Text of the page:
How to move a workshop to the USA

05-05-2017

I've moved to the USA with my wife. Because we are both nerds we have a lot of stuff for our various hobbies. Getting Visas, shipping all our gear and making sure the whole immigration process goes smoothly is quite an undertaking. I figure I'd write a little about how we managed it and give some tips for these considering similar ventures.

mayflower

Firstly, the visa situation is a bit tricky at the moment. My wife has an H1-B visa, which entitles me to an H4 visa. But there is a problem wih the H4 visa in that I'm basically not allowed to make any money, except for passive income such as from rental income, patents, royalties etc. I think this is because the USA has a - shall we say - outmoded view on marriage. Now, it is possible to get work authorisation if your spouse on the H1-B gets to a certain point in the green-card process, but this very law is on of the ones that President Tantrum wants to overturn. In the technology fields, the H1-B has been abused by some companies so you can understand why the government might want to reverse what Obama put in place. For now though, I might be able to get in under the wire. American visa rules are complicated and many. I suspect these coming to the UK also have a similar problem.

If you manage to qualify for a visa you need to fill in lots of forms, which culminates in a visit to the nearest embassy. For me, that means getting up early and visiting the American Embassy in London. The queue was quite large and forms really early on. With all my paperwork, I'm standing in a queue and it's still dark, still cold. A few people have brought their laptops with them and they are told they can't take them into the embassy with them. Apparently though, the local Starbucks across the road will hold onto your laptop for you. No idea if they charge for this service at all. Best bet, don't take anything but the paperwork. The final process is quite easy and involves handing over some documents and answering a couple of questions. Your passport is then taken away, and sent back in the post with the visa attached (that is, if you'd already payed online to have it sent back).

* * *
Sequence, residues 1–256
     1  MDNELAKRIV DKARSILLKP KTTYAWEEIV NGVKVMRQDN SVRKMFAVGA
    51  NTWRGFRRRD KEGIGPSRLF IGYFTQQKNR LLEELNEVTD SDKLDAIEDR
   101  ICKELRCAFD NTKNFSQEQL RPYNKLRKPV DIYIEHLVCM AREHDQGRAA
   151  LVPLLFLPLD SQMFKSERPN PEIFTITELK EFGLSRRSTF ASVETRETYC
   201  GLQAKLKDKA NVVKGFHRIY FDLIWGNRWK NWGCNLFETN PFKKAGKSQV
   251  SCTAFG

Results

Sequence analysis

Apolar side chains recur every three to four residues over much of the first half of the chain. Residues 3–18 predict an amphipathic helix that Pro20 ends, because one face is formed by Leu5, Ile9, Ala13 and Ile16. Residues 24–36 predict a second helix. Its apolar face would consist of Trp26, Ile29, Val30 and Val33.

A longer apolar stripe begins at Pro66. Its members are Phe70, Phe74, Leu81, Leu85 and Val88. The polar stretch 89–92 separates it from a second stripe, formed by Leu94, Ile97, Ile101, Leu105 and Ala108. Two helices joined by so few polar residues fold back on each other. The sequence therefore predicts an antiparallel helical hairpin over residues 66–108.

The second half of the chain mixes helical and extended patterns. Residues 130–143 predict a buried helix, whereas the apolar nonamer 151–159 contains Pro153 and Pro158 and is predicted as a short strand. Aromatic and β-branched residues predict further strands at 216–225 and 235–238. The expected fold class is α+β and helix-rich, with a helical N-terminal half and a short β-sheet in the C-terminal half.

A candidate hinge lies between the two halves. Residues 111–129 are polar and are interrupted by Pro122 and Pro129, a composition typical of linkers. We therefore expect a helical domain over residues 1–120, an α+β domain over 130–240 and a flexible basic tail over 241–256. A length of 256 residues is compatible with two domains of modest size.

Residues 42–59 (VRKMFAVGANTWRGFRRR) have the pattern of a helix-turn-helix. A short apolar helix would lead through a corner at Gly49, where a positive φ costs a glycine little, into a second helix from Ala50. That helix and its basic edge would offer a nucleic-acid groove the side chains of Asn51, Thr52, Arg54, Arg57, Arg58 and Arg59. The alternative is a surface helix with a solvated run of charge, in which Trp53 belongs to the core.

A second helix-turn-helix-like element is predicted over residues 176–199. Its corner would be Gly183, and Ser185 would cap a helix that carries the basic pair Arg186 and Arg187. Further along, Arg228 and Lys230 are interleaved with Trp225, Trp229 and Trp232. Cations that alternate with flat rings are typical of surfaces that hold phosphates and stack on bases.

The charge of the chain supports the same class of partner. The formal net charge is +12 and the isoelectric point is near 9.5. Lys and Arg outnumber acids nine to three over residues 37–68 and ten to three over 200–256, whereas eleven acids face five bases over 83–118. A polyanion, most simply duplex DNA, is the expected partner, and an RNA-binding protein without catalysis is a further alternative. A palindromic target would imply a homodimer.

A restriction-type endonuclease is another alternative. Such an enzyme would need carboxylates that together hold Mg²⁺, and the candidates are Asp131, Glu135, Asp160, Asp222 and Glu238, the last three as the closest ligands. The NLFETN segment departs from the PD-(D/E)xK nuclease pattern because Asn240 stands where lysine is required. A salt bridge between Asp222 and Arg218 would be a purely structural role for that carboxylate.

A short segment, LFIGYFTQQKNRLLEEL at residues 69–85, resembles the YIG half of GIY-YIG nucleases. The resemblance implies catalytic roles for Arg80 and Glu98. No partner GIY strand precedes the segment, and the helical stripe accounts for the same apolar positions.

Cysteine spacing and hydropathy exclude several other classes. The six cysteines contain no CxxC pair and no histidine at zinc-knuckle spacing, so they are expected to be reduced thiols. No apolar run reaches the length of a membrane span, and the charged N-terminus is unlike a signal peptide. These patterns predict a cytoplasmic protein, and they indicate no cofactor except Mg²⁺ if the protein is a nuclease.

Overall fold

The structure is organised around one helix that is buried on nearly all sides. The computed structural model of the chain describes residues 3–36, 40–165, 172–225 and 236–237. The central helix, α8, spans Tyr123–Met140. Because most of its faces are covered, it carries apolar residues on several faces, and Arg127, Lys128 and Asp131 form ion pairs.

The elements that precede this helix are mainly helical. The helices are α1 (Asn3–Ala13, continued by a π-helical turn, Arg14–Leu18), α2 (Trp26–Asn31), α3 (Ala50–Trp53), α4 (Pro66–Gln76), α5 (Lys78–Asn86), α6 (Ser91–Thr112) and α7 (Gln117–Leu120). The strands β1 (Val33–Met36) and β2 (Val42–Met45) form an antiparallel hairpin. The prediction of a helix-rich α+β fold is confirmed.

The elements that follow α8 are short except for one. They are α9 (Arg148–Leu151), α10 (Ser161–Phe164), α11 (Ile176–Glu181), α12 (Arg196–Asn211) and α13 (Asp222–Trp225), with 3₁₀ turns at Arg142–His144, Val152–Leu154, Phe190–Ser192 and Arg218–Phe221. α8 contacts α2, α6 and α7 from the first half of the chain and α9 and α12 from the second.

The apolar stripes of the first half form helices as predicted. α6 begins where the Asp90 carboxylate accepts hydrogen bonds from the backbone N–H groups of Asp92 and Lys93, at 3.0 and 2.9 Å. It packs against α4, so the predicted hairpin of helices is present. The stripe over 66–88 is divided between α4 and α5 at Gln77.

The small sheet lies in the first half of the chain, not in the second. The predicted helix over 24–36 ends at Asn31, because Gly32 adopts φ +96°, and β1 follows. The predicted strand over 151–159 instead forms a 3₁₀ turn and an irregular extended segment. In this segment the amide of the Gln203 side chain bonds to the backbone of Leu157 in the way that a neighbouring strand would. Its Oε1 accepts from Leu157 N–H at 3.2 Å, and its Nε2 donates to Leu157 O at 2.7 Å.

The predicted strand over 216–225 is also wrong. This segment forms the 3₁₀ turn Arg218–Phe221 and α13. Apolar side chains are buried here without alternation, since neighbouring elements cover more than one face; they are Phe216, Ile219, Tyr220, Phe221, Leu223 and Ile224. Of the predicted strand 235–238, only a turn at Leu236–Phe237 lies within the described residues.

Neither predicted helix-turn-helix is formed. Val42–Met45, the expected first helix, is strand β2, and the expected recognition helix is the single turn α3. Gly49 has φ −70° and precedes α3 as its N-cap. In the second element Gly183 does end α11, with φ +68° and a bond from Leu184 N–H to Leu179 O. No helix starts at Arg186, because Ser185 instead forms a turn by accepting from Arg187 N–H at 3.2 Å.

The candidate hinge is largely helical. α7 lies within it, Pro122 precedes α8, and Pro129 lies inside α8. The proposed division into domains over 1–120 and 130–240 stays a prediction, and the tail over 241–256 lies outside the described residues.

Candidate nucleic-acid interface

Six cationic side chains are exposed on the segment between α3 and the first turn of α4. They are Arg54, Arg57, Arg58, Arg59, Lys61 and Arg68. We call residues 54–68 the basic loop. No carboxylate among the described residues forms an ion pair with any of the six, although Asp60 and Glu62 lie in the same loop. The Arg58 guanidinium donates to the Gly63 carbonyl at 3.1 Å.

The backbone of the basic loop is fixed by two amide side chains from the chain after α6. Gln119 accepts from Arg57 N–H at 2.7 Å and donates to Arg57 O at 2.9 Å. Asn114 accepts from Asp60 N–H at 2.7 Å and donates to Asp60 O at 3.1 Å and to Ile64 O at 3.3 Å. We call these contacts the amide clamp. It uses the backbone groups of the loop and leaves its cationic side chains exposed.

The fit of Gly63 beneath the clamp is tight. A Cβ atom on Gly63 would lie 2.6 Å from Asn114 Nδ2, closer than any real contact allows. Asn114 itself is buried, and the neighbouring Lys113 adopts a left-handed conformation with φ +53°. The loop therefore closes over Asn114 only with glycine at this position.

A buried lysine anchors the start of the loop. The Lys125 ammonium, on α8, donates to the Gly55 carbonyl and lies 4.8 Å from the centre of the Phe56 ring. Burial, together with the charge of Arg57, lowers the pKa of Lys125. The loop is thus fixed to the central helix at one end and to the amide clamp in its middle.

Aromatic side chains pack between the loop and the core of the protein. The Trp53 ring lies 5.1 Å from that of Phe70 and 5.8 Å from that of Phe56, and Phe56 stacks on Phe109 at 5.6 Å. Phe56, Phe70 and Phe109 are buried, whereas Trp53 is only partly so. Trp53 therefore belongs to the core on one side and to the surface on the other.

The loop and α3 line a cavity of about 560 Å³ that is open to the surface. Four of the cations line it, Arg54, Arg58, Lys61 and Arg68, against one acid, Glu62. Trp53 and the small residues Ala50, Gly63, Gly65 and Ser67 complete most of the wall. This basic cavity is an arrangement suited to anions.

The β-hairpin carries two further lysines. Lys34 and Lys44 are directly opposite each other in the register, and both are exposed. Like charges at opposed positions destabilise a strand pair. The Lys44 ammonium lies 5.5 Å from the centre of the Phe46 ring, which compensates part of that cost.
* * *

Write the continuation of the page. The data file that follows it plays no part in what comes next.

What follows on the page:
boxes

Moving equipment between countries is expensive! Just north of £1200 gets you 10 tea chest sized boxes airfreighted. The boxes are cardboard and not exactly protected in anyway. If, like me, you are visiting the States a lot you can take extra things with you as part of your allowance on the flight. It's worth investing in a scale to weigh your bags so you don't go over the limit. This is about 23kg for a normal person or, if you are considered special by the airline, closer to 35kg. It usually costs near £100 for each extra bag, depending on the airline. I've used proper flight cases with all the foam to transport hard-disks, routers and similar equipment. One thing I did find interesting is that Lithium Ion batteries can only be carried on your carry-on luggage (although ones that are small enough can go checked), but Lead Acid batteries are also acceptable, so long as they are sealed and under a certain watt/hour rating. Check with the various airlines but there is quite a lot you can carry with you on a plane.

Sea shipments are another way to transport a large amount of goods. When it comes to the USA however, customs people can get a bit twitchy. The USA in general, does not like things that have been near farms, fresh food, dirt or anything that can basically harbour pests and such. Dangerous chemicals is another thing they don't like, so my wife's jewellery making equipment was sized down somewhat. If there is anything in the shipment that a customs officer might be suspicious of, the shipment is taken apart, probably damaged too. They'll also charge you for the privilege so don't put anything in a container that might cause concern. Generally, the shipping company will offer good advice. Such a company will liaise with local removals people who come to your home, wrap everything in brown paper and then place it in a series of cardboard boxes. Later, a chap in a massive lorry carrying a container, attempts to navigate a tiny London street in an effort to find your house. When he eventually does, the packers fill the container, seal it and then it's off on a ship. It'll likely be around a month before we see it again. In the image, note the parking suspension! This is another thing you need to pay the council for, in advance, to get enough space for such a big lorry!